So the big news from Bandura's studies and the mirror-neuron research is that we look, we mentally imitate, and we learn. Models - in our family or neighborhood, or on TV - may have effects, good or bad.

Prosocial Effects

The good news is that prosocial (positive, helpful) models can have prosocial effects. Many business organizations effectively use behavior modeling to help new employees learn communications, sales, and customer service skills (Taylor et al., 2005).Trainees gain these skills faster when they are able to observe the skills being modeled effectively by experienced workers (or actors simulating them).

People who exemplify nonviolent, helpful behavior can also prompt similar behavior in others. India's Mahatma Gandhi and America's Martin Luther King, Jr., both drew on the power of modeling, making nonviolent action a powerful force for social change in both countries. Parents are also powerful models. European Christians who risked their lives to rescue Jews from the Nazis usually had a close relationship with at least one parent who modeled a strong moral or humanitarian concern; this was also true for

U.S. civil rights activists in the 1960s (London, 1970; Oliner & Oliner, 1988). The observational learning of morality begins early. Socially responsive toddlers who readily imitate their parents tend to become preschoolers with a strong internalized conscience (Forman et al., 2004).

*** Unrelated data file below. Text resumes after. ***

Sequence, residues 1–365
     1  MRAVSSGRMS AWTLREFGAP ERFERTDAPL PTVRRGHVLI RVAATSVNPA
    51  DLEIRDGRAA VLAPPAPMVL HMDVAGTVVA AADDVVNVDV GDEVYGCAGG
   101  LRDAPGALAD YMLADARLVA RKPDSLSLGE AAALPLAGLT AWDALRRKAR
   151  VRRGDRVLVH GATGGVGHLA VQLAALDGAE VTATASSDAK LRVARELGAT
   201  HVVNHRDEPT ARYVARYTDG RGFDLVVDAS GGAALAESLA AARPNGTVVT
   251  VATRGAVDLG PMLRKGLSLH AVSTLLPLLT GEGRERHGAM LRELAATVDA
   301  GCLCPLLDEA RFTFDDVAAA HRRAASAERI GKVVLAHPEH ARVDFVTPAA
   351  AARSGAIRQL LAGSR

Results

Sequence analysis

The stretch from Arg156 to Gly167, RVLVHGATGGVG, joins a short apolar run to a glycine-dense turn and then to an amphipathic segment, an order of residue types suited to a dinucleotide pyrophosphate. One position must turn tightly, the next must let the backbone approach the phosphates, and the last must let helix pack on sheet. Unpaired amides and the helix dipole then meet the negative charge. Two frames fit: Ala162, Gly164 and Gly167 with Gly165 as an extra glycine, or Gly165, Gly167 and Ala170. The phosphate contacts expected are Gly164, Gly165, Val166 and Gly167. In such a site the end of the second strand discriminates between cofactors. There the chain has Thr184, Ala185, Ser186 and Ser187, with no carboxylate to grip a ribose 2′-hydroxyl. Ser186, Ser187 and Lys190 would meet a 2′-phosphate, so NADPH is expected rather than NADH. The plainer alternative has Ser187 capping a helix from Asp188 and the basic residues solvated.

Models are most effective when their actions and words are consistent. Sometimes, however, models say one thing and do another. To encourage children to read, read to them and surround them with books and people who read. To increase the odds that your children will practice your religion, worship and attend religious activities with them. Many parents seem to operate according to the principle "Do as I say, not as I do." Experiments suggest that children learn to do both (Rice & Grusec, 1975; Rushton, 1975). Exposed to a hypocrite, they tend to imitate the hypocrisy - by doing what the model did and saying what the model said.

Antisocial Effects

The bad news is that observational learning may have antisocial effects. This helps us understand why abusive parents might have aggressive children, and why many men who beat their wives had wife-battering fathers (Stith et al., 2000). Critics note that being aggressive could be passed along by parents' genes. But with monkeys we know it can be environmental. In study after study, young monkeys separated from their mothers and subjected to high levels of aggression grew up to be aggressive themselves (Chamove, 1980). The lessons we learn as children are not easily replaced as adults, and they are sometimes visited on future generations.